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Doobie Brothers’ Johnston ready to hit the road

Legendary band to release new album, launch U.S. tour

By Jim Harrington, Bay Area News Group
Published: May 9, 2024, 6:04am

SAN JOSE, Calif. — Tom Johnston still sounds great on the microphone after more than half a century of rocking with San Jose’s legendary Doobie Brothers.

“Practice,” Johnston says from his home in Marin County. “To me, that’s the key to it. I don’t mean only when you are rehearsing to go on a tour. You’ve got to do it when you are off, too. You’ve just got to keep your voice in shape. It’s a muscle like anything else. And if you let it atrophy, then it’s really hard to bring it back.”

Johnston is getting ready to showcase those vocals once again. The Doobies will hit the road later this year for a 38-city national tour.

The 75-year-old vocalist and guitarist credits the band’s road work as vital to its longevity. “Touring a lot is one of the big (things) that keep everyone aware that you are around,” he says. “That’s one of the things that keeps us going.”

Beyond a full slate of gigs, the Doobies also plan to release a new album this year, the band’s second studio album in roughly three years. Many of the Doobies’ contemporaries have pretty much given up on putting out new albums, preferring to just bank upon decades-old fan favorites. Yet, Johnston says it is important for the Doobies to keep recording.

“It keeps the band fresh,” he says. “You play new stuff in the live show, and the crowd likes it. I mean, it’s not going to be something that they are ready to sing along with like one of the big hits. But — who knows? — maybe it could end up being one.”

The Doobies have more than a fair share of big hits, including such gems as “China Grove,” “Takin’ It to the Streets,” “Listen to the Music,” “Black Water,” “Rockin’ Down the Highway” and “Jesus Is Just Alright.”

Those songs remain staples on classic rock radio many decades later. Even Johnston can’t tell you what it is about these songs that continues to charm both old and new listeners.

“I wish I could tell you what that is. We are extremely fortunate,” he says. “The songs strike a chord with people, both rhythmically and lyrically, and they like singing along with whatever the chorus is.”

Johnston has certainly witnessed massive crowd sing-alongs whenever the Doobies — Johnston, vocalist-guitarist Patrick Simmons, vocalist-keyboardist Michael McDonald, multi-instrumentalist John McFee and several touring members — unleash the greatest hits in concert.

“People always know those songs,” he says. “They always stand up, singing them back to you, and it’s amazing. There are just a lot of songs that fit in that mold. We are very lucky. It’s not something where you sit down and say, ‘I’m going to write a hit that everybody is going to love 50 years from now.’ That’s not the way it works. It’s that you happen to walk in the right door.”

Johnston definitely walked in the right door when he first left home in Visalia in 1968 to study graphic design at San Jose State. He laid the foundation for his music career at his first home here. That house at 285 S. 12th St. is now a historic landmark.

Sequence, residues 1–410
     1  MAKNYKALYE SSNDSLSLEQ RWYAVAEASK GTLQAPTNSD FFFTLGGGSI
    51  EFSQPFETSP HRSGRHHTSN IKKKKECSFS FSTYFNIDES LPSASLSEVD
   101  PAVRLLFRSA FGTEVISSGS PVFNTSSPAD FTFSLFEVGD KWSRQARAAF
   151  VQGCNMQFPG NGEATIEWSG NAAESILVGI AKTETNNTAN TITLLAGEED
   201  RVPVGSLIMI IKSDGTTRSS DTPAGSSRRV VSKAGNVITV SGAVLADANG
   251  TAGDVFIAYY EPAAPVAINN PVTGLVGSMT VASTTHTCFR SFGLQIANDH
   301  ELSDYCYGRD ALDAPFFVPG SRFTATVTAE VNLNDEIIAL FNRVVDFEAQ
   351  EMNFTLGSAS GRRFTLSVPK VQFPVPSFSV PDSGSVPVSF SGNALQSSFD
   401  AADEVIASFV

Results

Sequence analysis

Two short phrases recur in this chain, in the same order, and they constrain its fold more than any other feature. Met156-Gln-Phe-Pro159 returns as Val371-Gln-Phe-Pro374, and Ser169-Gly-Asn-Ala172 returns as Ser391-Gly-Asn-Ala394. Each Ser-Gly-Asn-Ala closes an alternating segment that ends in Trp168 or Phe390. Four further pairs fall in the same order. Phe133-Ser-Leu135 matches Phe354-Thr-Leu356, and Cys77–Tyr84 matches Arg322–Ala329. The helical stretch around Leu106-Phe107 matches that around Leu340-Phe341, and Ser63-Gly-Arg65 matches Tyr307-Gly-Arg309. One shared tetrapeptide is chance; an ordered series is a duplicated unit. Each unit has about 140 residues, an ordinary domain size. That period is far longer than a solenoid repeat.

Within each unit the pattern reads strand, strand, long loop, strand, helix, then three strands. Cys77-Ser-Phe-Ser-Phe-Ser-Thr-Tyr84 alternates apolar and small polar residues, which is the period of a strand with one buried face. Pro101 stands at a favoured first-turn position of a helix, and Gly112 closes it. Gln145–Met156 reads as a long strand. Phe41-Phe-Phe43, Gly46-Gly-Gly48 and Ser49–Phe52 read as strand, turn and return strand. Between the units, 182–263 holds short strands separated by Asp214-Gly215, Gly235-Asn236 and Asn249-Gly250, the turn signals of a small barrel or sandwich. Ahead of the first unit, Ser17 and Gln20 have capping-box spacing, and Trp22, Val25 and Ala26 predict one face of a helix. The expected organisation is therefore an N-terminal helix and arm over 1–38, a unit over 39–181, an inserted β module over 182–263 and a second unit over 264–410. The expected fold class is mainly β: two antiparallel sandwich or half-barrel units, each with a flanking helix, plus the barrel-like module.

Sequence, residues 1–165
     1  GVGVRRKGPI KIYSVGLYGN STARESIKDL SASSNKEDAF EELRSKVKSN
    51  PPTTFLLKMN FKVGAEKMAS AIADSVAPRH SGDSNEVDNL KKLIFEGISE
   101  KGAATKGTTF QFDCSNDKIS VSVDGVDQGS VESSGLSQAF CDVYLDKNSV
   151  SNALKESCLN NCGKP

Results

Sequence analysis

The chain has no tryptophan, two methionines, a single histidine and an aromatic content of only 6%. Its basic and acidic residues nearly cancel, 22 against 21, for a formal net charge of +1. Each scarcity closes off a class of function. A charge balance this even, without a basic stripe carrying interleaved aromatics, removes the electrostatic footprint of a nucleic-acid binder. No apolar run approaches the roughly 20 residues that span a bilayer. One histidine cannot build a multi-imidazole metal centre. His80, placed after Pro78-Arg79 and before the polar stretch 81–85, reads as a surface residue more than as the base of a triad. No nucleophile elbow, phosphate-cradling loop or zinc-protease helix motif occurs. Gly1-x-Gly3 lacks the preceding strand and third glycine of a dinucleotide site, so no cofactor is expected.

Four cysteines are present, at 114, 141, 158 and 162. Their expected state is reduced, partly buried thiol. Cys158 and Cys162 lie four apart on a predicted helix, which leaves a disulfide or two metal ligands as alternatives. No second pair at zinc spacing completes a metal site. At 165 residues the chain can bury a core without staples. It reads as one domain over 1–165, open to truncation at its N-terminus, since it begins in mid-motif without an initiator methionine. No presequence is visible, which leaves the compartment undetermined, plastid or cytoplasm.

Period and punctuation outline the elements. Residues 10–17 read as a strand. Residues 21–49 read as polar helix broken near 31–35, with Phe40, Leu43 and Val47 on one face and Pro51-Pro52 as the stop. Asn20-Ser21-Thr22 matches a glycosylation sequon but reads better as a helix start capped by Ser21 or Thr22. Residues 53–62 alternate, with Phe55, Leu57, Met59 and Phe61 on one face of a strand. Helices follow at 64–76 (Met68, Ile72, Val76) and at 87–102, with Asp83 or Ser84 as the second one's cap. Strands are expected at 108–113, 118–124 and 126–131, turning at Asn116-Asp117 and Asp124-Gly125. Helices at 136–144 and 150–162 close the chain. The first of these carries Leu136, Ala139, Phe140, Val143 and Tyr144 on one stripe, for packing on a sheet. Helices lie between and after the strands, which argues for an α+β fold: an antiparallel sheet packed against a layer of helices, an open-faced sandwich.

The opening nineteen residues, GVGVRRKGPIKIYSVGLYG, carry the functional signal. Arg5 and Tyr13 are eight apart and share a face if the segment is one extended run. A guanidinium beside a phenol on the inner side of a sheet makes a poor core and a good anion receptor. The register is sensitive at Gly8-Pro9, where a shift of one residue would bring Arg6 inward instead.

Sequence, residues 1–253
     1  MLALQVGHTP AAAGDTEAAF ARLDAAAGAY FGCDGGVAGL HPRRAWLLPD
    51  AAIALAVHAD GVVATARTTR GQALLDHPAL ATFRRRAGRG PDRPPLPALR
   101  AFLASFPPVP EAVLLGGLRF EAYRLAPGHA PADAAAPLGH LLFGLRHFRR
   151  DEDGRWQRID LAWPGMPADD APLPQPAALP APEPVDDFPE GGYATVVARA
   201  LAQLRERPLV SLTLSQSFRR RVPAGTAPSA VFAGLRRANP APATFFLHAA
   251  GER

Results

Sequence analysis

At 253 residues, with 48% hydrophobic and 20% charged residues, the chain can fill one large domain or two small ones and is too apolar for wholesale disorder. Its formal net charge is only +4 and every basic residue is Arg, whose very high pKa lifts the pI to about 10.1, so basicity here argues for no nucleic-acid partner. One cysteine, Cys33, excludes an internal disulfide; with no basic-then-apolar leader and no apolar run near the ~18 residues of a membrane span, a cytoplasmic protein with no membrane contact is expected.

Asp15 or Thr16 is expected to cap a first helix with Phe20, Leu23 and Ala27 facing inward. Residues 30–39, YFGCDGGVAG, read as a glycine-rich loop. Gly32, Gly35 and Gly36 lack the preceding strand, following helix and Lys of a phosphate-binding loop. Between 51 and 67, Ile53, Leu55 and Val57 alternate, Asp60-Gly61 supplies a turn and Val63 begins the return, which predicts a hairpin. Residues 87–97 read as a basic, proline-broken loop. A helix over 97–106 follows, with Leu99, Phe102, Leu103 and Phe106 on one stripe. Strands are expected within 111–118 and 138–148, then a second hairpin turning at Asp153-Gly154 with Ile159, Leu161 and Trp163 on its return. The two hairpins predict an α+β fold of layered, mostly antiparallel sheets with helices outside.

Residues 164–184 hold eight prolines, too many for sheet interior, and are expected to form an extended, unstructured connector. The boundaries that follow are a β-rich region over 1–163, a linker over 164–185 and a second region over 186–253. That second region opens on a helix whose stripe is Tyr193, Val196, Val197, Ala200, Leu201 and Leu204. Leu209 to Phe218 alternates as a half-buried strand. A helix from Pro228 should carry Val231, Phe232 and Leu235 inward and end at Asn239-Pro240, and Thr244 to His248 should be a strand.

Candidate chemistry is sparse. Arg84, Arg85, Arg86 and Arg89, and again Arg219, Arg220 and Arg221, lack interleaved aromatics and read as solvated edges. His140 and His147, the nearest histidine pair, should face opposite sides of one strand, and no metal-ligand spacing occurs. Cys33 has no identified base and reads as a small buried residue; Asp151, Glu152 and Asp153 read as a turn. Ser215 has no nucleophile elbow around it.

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“Other musicians were over there all the time. We were always jamming in the basement,” Johnston says. “It was kind of a music center for San Jose — a great place to be at that age at that time.”

One of his roommates was John Hartman, who became the Doobies’ original drummer. The two met Simmons, a graduate of San Jose’s Leigh High School, who certainly knew his way around the guitar.

“John and I watched him play with a band he was in — it was an acoustic thing — and we were kind of blown away,” Johnston remembers. “We thought he was a really great guitarist. He sang, and that was a plus. So, we asked him to come over and jam.”

Eventually, the jam turned into a band and with the addition of bassist Dave Shogren, the Doobie Brothers were born. The group began gigging around the area and soon drew the interest of Warner Bros., which signed the Doobies to a deal. The band’s self-titled debut came out in spring 1971.

“It was all just — for lack of a better way of putting it — magical. It just kind of happened,” Johnston says. “The first album didn’t do a lot. The second album (1972’s ‘Toulouse Street’) took off with ‘Listen to the Music.’ And it just kept going.”

They hit double-platinum status with the back-to-back releases of “The Captain and Me” (1973) and “What Were Once Vices Are Now Habits” (1974), then saw their fortunes zoom even higher with the triple-platinum success of 1978’s “Minute by Minute.”

The Doobies were finally inducted into the Rock & Roll Hall of Fame in 2020. The nod came after years of eligibility and much debate among fans as to whether the Doobies would someday get the call. Yet, the band members never really joined that discussion.

“We didn’t ever sit around and talk about it a lot,” Johnston says. “In fact, we didn’t really talk about it at all. Occasionally, it would get batted around with management. But we most always kept our head down and kept working.”

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